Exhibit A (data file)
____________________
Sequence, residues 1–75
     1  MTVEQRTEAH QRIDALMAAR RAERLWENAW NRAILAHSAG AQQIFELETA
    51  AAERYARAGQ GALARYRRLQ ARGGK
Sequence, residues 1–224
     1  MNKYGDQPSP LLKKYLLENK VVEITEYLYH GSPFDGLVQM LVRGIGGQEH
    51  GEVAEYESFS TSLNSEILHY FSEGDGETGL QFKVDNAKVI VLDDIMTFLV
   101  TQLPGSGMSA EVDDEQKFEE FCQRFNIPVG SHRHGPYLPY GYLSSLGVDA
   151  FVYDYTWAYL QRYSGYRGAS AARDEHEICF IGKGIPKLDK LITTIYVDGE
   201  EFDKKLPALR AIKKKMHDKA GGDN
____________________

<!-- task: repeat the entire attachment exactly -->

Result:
Sequence, residues 1–75
     1  MTVEQRTEAH QRIDALMAAR RAERLWENAW NRAILAHSAG AQQIFELETA
    51  AAERYARAGQ GALARYRRLQ ARGGK
Sequence, residues 1–224
     1  MNKYGDQPSP LLKKYLLENK VVEITEYLYH GSPFDGLVQM LVRGIGGQEH
    51  GEVAEYESFS TSLNSEILHY FSEGDGETGL QFKVDNAKVI VLDDIMTFLV
   101  TQLPGSGMSA EVDDEQKFEE FCQRFNIPVG SHRHGPYLPY GYLSSLGVDA
   151  FVYDYTWAYL QRYSGYRGAS AARDEHEICF IGKGIPKLDK LITTIYVDGE
   201  EFDKKLPALR AIKKKMHDKA GGDN